The subject of Inner Grace is the multi-handicapped individual. This includes the mentally challenged, the blind, and the cerebral palsied.
All photos © Abraham Menashe
Grace is defined as, elegance or beauty of form, manner, motion or act... the influence or spirit of God operating in man to regenerate or strengthen him. It is a state that exists in the joy of being as well as the effort of trying. The photographs embrace moments of innocence, accomplishment, serenity, pride, and struggle.
In accepting the limitations that life imposes on us, we can often overcome them. This is demonstrated by the youth in the pool who, despite a twisted spine and limited muscle movements, yields to the water, and in so doing learns how to swim.
The images reveal beauty in the distorted body and bring us closer to the conquering spirit in man. As we learn to carry our burdens well, in the yielding and in the striving, we become imbued with the favor and love of God. This assistance, the influence of the freely given, is grace.
The photographs form a prayer, not only in the making of them, but now in the sharing of them.
New York City, 1978
by Abraham Menashe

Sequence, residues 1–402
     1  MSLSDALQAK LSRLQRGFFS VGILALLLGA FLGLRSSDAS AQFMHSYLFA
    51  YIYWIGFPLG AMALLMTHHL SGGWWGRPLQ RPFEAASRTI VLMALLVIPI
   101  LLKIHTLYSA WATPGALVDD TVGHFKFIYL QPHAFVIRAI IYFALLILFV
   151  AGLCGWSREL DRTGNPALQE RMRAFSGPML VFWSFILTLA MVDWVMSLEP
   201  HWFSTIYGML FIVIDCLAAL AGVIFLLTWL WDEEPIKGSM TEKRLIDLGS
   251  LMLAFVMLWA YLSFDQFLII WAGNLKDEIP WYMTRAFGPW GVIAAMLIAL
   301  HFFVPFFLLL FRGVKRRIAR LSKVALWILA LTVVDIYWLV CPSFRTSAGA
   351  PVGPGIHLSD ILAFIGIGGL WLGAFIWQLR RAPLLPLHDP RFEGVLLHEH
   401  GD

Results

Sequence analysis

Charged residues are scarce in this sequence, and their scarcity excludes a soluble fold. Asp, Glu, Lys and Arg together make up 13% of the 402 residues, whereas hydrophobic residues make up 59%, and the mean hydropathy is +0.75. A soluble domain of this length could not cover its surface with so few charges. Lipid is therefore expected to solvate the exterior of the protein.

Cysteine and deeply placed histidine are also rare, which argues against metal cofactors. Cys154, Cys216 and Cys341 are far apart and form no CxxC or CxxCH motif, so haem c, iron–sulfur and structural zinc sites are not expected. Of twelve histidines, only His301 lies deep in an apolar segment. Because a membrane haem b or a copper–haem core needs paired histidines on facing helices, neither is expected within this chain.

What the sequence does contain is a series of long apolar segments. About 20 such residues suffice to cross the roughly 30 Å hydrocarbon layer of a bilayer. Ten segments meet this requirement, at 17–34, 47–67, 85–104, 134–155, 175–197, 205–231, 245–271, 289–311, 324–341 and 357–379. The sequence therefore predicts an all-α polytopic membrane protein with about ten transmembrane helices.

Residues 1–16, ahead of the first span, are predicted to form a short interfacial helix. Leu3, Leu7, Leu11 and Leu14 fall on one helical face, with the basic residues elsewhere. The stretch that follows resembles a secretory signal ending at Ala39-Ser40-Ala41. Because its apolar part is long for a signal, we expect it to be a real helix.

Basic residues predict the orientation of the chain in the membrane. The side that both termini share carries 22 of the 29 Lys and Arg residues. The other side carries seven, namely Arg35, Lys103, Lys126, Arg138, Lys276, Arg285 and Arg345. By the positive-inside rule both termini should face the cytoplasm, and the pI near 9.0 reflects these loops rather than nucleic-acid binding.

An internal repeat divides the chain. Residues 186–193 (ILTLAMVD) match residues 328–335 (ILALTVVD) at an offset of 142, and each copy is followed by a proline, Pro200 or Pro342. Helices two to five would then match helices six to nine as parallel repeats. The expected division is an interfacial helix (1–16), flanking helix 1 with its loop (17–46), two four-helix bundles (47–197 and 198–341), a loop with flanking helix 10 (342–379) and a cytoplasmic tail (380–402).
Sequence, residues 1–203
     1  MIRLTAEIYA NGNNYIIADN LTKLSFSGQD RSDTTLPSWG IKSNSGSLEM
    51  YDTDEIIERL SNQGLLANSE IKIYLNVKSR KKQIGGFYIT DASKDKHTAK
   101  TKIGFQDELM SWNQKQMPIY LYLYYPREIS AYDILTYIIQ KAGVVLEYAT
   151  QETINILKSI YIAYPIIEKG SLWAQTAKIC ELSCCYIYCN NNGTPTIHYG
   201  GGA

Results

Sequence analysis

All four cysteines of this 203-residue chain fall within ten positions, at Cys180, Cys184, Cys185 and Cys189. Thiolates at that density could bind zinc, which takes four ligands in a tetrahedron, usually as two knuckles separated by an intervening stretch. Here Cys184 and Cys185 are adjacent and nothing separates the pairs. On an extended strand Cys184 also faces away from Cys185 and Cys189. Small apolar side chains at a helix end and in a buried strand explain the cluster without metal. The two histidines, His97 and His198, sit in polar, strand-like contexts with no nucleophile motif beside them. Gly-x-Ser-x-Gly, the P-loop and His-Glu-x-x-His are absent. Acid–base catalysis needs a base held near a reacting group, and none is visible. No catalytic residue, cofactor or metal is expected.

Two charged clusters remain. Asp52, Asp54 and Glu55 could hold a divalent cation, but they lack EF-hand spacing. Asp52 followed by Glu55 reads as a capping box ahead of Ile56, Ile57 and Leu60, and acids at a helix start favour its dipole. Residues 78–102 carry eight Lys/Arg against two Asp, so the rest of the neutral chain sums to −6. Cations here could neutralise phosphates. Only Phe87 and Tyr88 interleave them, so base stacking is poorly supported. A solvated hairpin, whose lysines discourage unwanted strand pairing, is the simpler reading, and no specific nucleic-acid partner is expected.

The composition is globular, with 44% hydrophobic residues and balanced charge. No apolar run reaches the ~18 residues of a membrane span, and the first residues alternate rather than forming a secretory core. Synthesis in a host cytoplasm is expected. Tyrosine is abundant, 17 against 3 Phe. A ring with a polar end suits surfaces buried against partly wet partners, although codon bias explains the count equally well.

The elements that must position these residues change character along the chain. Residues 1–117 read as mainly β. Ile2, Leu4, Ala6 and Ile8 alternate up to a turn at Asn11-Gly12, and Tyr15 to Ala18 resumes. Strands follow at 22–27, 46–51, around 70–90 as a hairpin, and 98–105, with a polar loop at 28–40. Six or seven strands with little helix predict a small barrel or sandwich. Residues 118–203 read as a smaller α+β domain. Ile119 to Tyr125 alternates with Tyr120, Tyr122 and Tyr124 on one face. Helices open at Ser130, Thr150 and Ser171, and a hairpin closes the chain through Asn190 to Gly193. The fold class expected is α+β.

Alfred A. Knopf, © 1979
Abraham Menashe is committed to images that affirm life, provide refuge and offer healing. His photographs have graced the pages of numerous publications, including Newsweek, Scientific American, The New York Times, and Time-Life Books. Menashe's distinct brand of humanistic photography is internationally acclaimed for its poetic beauty and compassion.
Born in Egypt in 1951, Abraham Menashe now lives in New York City. Menashe's eight books include Inner Grace (Knopf, 1979), about America’s multi-handicapped population, published in conjunction with an exhibit at the Witkin Gallery, and The Face of Prayer (Knopf, 1980), images made around the world, published in conjunction with a show at the International Center of Photography, New York.
Abraham Menashe's photographs are in several museum collections, including New York's Metropolitan Museum of Art, the Brooklyn Museum, the Museum of the City of New York, the New York Historical Society, the Jewish Museum, the Kosciuszko Foundation, and the Museum of Modern Art, New York. Commissioned work includes a permanent installation at the Church Center of the United Nations, New York.
Menashe is a conscientious objector who worked with the Quaker community on behalf of the peace movement during the Vietnam War. He is a student of Nonviolent Communication, and Attitudinal Healing—the practice of letting go of fear and letting in non-judgmental attitudes. Abraham is an avid aquarist who enjoys aquascaping. He is moved by random acts of kindness, and is in rapture upon reading poets offering their YES to the world.